DALLAS – As American Muslim activist Linda Sarsour faces increasing smear campaign over her use of the word Jihad, an opinion published by Texas Muslim scholar Sheikh Omar Suleiman on HuffPost defended Islamic terms as being hijacked by Islamophobes who impose their definitions, proving that the word Jihad is regularly used in the Arabic version of the Bible.
“Muslim Americans often find themselves in an impossible place,” Imam Omar Suleiman, the Founder and President of the Yaqeen Institute for Islamic Research, wrote in an op-ed published on HuffPost on Thursday, July 13.
“Islamophobes define and impose their definitions of Islamic terms, such as jihad, in ways that are inauthentic and violent, and then demand that Muslims reject the terms and texts as they have portrayed them, or risk being deemed extremists for clarifying their meanings.”
The imam referred to the latest controversy surrounding Sarsour’s use of the word during a recent Islamic convention.
“The latest example of this is the controversy surrounding Linda Sarsour’s usage of the word to define opposition to Donald Trump in accordance with the saying of the Prophet Muhammad (peace be upon him): ‘The greatest jihad is a word of truth spoken in the face of a tyrant,’” Suleiman added.
Sasour is one of the five organizers behind the Women’s March on Washington, a global movement of rallies and marches in protest of President Donald Trump’s agenda.
The imam went on to clarify that the word is used both in Bible and Qur’an, citing many examples from the Arabic translation of the text which used the word jihad.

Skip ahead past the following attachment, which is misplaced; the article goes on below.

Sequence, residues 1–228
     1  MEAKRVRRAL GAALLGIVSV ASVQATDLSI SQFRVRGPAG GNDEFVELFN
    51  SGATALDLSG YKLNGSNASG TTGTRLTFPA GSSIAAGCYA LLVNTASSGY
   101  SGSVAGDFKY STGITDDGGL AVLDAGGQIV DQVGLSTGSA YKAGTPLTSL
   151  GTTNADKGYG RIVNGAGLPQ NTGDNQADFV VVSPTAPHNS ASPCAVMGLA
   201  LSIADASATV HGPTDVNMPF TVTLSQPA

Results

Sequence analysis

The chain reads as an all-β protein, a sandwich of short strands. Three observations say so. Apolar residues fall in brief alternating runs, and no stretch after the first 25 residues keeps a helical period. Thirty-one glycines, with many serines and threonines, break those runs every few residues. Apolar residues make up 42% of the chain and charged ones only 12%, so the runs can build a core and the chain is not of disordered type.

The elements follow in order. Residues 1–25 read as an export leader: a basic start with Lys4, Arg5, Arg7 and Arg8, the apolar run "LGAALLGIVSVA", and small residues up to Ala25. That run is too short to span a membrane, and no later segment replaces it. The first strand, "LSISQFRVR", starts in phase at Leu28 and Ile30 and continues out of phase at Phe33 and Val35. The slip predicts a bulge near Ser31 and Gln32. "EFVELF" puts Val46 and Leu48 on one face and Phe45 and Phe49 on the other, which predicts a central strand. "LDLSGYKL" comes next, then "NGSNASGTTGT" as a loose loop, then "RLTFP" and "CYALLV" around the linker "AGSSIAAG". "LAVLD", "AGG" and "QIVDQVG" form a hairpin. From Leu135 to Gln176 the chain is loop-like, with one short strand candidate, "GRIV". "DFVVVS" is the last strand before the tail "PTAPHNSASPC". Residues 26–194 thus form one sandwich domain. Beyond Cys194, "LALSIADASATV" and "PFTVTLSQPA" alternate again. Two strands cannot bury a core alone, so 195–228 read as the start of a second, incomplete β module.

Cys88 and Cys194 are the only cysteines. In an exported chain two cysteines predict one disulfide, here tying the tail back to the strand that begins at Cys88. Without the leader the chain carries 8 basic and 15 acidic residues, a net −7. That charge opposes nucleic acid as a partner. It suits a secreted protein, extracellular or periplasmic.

“It’s too late to rescue the true meaning of the word now, they insist. But if we’re going to ask Muslims to remove jihad from their dictionary, what about Arab Christians who read the Bible in Arabic?”
For Suleiman, the use of the word jihad for Muslim is similar to that of crusade for Christians.
“The fact of the matter is that Muslims use the term jihad similarly to how Christians use the term crusade,” he wrote.
“The Christian term can mean anything from a spiritual mission to evangelism to politics to military action, depending on context and the individual understanding of the person who uses it.
“To characterize Sarsour’s clear use of the word jihad in a political context as a call to violence would be as misleading as saying all Christian uses of the term crusade are about violence.
“In normal everyday usage, a jihad doesn’t mean killing Christians and a crusade doesn’t mean killing Muslims, even though extremists in our respective traditions may twist those terms that way for their own selfish ends.”
Example for Jihad in Bible
In 1 Peter 4:18, the word jahada, the root of jihad, is used to describe one’s internal struggle. It reads, “If it is a jihad (struggle) for the righteous to be saved, what will become of the ungodly and the sinner?
إِنْ كَانَ الْبَارُّ بِالْجَهْدِ يَخْلُصُ، فَالْفَاجِرُ وَالْخَاطِئُ أَيْنَ يَظْهَرَانِ؟” (رسالة بطرس الرسول الأولى 4: 18)
In both I Timothy and II Timothy, we find two references to jihad in the Arabic Bible: “I have fought the good jihad (fight), I have finished the race, I have kept the faith.” (II Timothy 4:7)
جَاهَدْتُ الْجِهَادَ الْحَسَنَ، أَكْمَلْتُ السَّعْيَ، حَفِظْتُ الإِيمَانَ، وَأَخِيرًا قَدْ وُضِعَ لِي إِكْلِيلُ الْبِرِّ، الَّذِي يَهَبُهُ لِي فِي ذلِكَ الْيَوْمِ، الرَّبُّ الدَّيَّانُ الْعَادِلُ، وَلَيْسَ لِي فَقَطْ، بَلْ لِجَمِيعِ الَّذِينَ يُحِبُّونَ ظُهُورَهُ أَيْضًا” (رسالة بولس الرسول الثانية إلى تيموثاوس 4: 7، 7)
“Fight the good jihad (fight) of the faith. Take hold of the eternal life to which you were called when you made your good confession in the presence of many witnesses.” (I Timothy 6:12)
جَاهِدْ جِهَادَ الإِيمَانِ الْحَسَنَ، وَأَمْسِكْ بِالْحَيَاةِ الأَبَدِيَّةِ الَّتِي إِلَيْهَا دُعِيتَ أَيْضًا، وَاعْتَرَفْتَ الاعْتِرَافَ الْحَسَنَ أَمَامَ شُهُودٍ كَثِيرِينَ” (رسالة بولس الرسول الأولى إلى تيموثاوس 6: 12)